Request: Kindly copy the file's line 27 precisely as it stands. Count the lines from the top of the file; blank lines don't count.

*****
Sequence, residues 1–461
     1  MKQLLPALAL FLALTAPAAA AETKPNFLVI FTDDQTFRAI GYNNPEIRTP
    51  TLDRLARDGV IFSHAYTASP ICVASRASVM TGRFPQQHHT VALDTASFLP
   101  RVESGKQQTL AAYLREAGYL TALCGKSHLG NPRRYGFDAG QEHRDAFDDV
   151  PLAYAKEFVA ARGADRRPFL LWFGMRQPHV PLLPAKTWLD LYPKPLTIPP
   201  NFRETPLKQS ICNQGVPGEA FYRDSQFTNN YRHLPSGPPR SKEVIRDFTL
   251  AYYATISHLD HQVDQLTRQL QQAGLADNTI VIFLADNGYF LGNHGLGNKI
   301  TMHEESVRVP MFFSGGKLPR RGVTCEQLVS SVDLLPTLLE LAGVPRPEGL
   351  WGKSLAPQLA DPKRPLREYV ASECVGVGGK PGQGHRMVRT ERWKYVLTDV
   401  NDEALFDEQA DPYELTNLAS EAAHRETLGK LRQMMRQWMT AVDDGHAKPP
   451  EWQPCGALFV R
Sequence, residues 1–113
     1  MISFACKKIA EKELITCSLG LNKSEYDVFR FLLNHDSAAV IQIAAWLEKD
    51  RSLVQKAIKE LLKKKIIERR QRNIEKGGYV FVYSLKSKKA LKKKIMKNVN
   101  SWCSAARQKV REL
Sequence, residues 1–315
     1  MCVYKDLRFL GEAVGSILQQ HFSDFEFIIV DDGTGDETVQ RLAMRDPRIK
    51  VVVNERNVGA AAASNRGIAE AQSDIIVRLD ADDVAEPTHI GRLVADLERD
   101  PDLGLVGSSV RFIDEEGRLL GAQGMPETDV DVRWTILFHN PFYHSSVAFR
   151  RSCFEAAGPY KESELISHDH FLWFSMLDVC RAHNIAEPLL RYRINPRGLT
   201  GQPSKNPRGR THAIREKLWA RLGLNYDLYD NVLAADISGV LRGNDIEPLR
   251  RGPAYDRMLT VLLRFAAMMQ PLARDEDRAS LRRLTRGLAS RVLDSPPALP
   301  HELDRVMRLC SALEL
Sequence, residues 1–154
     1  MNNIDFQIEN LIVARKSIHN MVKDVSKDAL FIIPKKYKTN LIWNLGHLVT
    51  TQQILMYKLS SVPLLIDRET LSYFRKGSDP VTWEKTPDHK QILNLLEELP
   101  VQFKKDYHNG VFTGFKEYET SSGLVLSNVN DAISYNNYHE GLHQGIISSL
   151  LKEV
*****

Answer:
   101  VQFKKDYHNG VFTGFKEYET SSGLVLSNVN DAISYNNYHE GLHQGIISSL